By TOM WITHERS, AP Sports Writer
BEREA, Ohio (AP) - Just a few days ago, Butch Davis (pictured, right) sat down for one of his typical meetings with Dwight Clark to discuss what was next for the Cleveland Browns.
They talked about the upcoming season, the start of this week's quarterback school and the restructuring of the club's pro personnel and college scouting departments.
Following a successful college draft and recent mini-camp, the future looked bright for both them and the Browns.
Little did Davis know that Clark had no intention of being a part of it. Clark resigned Monday following 3½ years as the Browns director of football operations.
"It really came as a surprise to me that that's the way it ended up happening," Davis said Wednesday in his first public comments since Clark left.
Davis had been at the NFL owners meetings in Houston when Clark quit, saying he no longer felt needed because the Browns coach had brought in Pete Garcia, Davis' former assistant at Miami, to do Clark's job.
Davis said he had urged Clark to stay with the Browns, and that they had a good working relationship during the coach's 15 months in Cleveland.
"We enjoyed each other's company," Davis said. "We spent countless hours watching film over the last two years getting ready for two drafts.
"We always had good dialogue about the team, players, pro personnel and the direction and vision of the team. On Friday, I told Dwight, 'I hope you're going to be a part of the future of the Cleveland Browns.' But evidently that did not transpire."
On Tuesday, Clark fingered Garcia as the reason behind his resignation.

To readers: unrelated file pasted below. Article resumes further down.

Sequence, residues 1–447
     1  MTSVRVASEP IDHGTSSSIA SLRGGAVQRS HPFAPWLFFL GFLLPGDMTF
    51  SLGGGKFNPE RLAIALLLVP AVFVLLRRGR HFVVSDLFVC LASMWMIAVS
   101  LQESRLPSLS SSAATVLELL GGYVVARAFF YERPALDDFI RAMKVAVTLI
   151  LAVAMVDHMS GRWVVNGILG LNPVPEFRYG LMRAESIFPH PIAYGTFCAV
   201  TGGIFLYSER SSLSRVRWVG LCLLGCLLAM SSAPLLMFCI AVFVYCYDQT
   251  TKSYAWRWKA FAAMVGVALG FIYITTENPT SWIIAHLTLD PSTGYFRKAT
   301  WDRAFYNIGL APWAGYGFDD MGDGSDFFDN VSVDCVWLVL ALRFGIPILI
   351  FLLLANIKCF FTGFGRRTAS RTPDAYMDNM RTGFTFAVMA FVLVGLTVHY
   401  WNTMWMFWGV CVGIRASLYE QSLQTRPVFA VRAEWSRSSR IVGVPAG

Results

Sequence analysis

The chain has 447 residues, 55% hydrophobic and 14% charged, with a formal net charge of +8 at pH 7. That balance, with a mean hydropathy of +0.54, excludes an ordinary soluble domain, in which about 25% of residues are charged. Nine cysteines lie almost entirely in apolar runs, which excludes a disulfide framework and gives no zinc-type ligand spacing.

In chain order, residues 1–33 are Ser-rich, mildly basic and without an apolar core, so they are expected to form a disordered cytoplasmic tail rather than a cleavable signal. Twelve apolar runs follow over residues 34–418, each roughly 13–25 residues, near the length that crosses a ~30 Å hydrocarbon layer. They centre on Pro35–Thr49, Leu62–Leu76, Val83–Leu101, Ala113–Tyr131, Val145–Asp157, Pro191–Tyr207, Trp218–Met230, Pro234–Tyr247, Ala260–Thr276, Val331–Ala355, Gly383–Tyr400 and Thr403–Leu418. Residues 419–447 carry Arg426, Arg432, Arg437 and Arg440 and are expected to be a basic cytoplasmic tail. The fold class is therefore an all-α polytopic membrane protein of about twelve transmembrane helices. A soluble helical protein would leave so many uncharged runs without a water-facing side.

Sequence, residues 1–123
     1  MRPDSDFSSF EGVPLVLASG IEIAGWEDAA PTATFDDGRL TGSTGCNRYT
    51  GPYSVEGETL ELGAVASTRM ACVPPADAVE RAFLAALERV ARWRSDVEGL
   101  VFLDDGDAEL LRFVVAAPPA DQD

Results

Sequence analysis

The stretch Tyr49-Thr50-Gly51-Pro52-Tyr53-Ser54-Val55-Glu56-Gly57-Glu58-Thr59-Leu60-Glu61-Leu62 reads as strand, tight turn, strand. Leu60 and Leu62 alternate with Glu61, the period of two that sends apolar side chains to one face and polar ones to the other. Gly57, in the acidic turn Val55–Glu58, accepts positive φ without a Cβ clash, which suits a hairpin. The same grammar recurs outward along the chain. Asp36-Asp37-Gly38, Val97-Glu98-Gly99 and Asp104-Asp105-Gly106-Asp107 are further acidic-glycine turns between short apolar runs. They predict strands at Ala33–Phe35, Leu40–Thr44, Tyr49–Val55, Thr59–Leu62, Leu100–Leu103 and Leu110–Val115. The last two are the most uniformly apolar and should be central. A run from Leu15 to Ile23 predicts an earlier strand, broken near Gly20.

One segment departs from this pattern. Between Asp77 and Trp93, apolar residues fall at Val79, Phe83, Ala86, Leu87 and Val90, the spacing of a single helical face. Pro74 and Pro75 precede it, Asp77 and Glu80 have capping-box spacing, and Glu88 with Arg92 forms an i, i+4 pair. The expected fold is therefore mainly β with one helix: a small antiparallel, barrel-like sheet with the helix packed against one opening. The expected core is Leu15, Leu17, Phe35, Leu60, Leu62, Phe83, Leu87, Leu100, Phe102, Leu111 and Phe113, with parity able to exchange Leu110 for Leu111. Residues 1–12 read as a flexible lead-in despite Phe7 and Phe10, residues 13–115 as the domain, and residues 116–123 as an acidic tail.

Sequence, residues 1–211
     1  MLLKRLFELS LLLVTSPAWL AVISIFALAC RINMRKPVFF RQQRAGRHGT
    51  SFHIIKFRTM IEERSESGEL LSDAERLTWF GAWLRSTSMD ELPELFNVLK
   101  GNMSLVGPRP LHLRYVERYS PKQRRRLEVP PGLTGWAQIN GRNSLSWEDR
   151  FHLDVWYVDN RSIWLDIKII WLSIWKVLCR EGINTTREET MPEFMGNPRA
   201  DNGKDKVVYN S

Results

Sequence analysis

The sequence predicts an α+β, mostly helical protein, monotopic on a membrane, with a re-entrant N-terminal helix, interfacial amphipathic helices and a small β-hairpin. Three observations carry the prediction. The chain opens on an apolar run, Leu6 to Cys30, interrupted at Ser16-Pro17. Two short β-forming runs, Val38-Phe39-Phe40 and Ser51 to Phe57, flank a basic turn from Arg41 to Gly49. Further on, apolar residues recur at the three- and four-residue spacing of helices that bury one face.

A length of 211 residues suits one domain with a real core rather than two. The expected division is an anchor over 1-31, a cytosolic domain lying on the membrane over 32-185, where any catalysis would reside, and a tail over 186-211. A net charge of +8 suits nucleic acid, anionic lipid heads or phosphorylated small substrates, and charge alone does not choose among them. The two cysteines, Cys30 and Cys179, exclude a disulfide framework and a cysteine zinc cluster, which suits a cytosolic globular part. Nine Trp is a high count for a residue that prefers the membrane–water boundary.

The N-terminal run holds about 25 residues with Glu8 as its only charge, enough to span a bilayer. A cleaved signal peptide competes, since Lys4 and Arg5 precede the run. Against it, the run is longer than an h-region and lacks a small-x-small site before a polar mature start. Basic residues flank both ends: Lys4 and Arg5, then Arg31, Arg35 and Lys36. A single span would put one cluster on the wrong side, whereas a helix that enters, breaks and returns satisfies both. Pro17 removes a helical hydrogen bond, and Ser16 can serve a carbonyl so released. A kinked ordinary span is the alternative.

Clark didn't name Garcia, simply referring to him as "Butch's right-hand man," but he made it clear that his role with the Browns had been diminished and he didn't want to watch someone else do the job he was hired for.
Asked if there was room for Clark and Garcia to coexist in the Browns hierarchy, Davis said, "Absolutely."
Clark declined to stay although he had been offered a reduced role in the organization. Davis said he was unaware of what Clark had been asked to do, and that most of those conversations had been between Clark and team president Carmen Policy.
"I'm not sure that there would have been an enormous diminishing title or responsibilities than they had been the previous three years," Davis said.
Davis also addressed Clark's view that with Garcia around, he didn't need to be with the Browns.
Davis said he didn't intentionally slight Clark, but that it was a matter of being more comfortable with Garcia, who began working at Miami in 1990 under Dennis Erickson and came to Cleveland shortly after Davis was hired.
"I've got seven years of wars and battles of NCAA sanctions and probations and every imaginable fight with Pete," Davis said. "I value Pete's input and the things he says."
Davis went to great lengths to clarify his background with Garcia, who spent six seasons working for the coach at Miami. Davis also denied Internet reports that Garcia had executed a power play to stay with the Browns.
"That's not true," Davis said. "Pete would never leverage. But there will be times where we'll have to fight to keep him."
Davis said Garcia, 40, will have a more prominent role in the Browns' scouting department and that while most of the work Garcia did last season was internal, he would be more visible in the future.
"He's almost like smoke," Davis said of Garcia, whose title of assistant coach/football development won't change. "He's not in it for the ego. He wants this team to win in whatever role. He's not in it for the titles."
(Copyright 2002 by The Associated Press. All Rights Reserved.)